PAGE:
CE Marking & Conformity
CE marking is an indicator that a product complies with EU legislation and enables the free movement of products within the European market. When a manufacturer affixes the CE marking on a product, he declares, on his sole responsibility, conformity with all of the legal requirements to achieve CE marking and therefore ensuring validity for that product to be sold throughout the European Economic Area, Switzerland and Turkey.
This also applies to products made in third countries which are sold in the EEA, Switzerland and Turkey. CE marking does not indicate that a product was made in the EEA, but merely states that the product is assessed before being placed on the market and meets the EU safety, health and environmental protection requirements. It means that the manufacturer has verified that the product complies with all relevant essential requirements of the applicable directive(s) or, if stipulated in the directive(s), had it examined by a notified conformity assessment body.
It is the manufacturer’s responsibility to carry out the conformity assessment, to set up the technical file, to issue the EC declaration of conformity and to affix the CE marking on the product. Distributors must verify the presence of both the CE marking and the necessary supporting documentation. If the product is being imported from a third country, the importer has to verify that the manufacturer outside the EU has undertaken the necessary steps and that the documentation is available upon request.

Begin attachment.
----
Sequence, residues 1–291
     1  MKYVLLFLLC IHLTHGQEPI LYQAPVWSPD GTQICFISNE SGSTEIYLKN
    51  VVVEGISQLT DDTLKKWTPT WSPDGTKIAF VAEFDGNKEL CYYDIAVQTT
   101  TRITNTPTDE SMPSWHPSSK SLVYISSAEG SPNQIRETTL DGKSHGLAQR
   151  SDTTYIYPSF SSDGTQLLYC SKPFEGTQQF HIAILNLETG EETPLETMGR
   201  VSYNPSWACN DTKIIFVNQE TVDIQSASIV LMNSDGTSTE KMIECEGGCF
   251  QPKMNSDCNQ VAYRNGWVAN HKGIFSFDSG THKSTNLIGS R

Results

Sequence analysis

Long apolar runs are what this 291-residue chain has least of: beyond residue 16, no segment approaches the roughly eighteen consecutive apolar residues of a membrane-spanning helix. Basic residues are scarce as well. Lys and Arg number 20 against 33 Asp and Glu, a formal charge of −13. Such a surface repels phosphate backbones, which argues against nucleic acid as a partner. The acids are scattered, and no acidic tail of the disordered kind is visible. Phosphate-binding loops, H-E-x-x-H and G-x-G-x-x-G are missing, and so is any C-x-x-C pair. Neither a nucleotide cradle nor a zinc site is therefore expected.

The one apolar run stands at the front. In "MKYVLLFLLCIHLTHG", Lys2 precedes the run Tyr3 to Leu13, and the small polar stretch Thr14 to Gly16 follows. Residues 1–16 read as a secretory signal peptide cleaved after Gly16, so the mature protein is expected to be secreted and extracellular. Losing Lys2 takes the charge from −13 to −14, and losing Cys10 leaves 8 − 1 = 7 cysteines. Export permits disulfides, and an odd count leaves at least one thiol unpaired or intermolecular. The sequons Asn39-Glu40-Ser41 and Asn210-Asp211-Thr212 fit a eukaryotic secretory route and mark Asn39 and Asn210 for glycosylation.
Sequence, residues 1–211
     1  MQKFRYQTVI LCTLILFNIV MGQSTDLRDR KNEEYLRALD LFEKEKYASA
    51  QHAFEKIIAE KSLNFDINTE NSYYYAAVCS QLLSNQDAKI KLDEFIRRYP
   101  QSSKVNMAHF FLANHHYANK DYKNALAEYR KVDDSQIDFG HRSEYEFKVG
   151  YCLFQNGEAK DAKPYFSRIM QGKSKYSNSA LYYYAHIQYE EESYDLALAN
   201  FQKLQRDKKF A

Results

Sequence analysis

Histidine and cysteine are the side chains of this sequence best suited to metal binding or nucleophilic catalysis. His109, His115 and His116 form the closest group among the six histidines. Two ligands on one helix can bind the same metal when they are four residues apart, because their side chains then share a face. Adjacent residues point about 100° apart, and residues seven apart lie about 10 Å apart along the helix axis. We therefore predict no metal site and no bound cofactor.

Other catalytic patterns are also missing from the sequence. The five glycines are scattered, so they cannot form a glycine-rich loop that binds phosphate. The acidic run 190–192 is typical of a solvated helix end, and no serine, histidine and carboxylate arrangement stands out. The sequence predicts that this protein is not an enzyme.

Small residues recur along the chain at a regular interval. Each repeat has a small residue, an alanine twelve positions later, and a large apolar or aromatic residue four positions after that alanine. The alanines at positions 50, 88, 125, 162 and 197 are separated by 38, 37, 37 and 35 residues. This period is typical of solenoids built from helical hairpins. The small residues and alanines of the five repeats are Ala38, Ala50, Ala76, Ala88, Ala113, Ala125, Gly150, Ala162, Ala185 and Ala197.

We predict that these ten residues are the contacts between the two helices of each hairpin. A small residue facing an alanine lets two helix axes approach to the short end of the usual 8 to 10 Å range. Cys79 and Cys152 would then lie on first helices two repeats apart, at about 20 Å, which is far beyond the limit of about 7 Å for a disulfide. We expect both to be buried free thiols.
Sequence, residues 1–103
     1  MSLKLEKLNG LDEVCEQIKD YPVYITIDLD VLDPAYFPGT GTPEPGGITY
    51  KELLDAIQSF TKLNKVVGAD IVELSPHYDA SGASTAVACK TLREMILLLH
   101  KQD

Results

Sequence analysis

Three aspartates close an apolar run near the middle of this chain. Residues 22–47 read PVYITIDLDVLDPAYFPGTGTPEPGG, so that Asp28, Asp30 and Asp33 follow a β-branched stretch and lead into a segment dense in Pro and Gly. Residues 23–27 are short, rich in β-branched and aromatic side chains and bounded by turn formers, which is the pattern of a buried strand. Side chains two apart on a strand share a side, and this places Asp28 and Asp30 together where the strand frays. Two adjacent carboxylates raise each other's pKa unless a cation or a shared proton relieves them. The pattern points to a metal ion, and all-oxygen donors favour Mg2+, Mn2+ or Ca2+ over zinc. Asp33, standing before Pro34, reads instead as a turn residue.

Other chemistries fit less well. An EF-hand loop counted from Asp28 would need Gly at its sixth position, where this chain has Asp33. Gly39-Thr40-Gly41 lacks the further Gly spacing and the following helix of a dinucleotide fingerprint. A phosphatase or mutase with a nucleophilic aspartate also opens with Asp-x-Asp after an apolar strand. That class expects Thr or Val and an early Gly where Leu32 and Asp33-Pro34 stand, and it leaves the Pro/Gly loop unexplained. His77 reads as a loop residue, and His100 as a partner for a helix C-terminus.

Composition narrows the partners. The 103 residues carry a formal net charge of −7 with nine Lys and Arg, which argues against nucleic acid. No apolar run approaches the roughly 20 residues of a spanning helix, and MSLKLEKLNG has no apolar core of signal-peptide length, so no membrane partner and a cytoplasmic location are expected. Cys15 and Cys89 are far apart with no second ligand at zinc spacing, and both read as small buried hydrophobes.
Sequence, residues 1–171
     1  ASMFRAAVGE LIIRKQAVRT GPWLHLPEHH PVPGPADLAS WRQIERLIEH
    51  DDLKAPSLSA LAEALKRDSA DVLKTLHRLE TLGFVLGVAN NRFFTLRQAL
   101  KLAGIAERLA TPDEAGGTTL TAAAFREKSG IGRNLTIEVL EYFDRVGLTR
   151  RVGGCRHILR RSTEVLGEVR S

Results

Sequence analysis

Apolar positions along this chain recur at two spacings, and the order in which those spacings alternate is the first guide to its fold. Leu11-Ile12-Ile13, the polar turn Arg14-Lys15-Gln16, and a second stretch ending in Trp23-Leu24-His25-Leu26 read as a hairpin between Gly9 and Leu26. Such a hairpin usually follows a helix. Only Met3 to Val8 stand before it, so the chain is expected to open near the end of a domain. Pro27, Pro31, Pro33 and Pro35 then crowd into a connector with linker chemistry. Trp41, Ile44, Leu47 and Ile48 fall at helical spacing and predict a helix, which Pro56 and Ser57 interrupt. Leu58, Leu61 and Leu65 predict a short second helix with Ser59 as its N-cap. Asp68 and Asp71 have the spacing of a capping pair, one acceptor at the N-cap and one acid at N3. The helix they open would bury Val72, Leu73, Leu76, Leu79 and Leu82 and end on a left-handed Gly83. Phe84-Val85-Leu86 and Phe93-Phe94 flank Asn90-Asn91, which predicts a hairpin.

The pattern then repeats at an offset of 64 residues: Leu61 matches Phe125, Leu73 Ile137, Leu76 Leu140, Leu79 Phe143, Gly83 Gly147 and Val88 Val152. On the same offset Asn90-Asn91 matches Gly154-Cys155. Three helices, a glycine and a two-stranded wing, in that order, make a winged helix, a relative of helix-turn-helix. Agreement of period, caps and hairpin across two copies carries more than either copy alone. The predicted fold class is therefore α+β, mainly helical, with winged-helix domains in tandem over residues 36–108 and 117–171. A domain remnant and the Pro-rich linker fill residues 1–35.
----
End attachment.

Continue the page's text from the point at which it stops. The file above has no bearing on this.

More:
Not all products must bear the CE marking. Only those product categories subject to specific directives (New Approach Directives) that provide for CE marking are required to be CE marked. There are more than 20 directives setting out the product categories requiring CE marking. The products range from electrical equipment to toys and from civil explosives to medical devices. The essential requirements that products have to fulfil are harmonized at EU level and are set out in general terms in these directives.
Harmonised European standards are issued with reference to the applied directives and express in detailed technical terms the essential requirements. The two main sources to find harmonised standards are the European Commission website and the New Approach website. Full compliance of a product with the harmonised standards gives a product the “presumption of conformity” with the relevant essential requirements. While the CE marking is mandatory, the use of harmonised standards remains voluntary. Other ways to fulfil these essential requirements can be chosen.
>> For more information, refer to the SBS brochure on conformity assessment.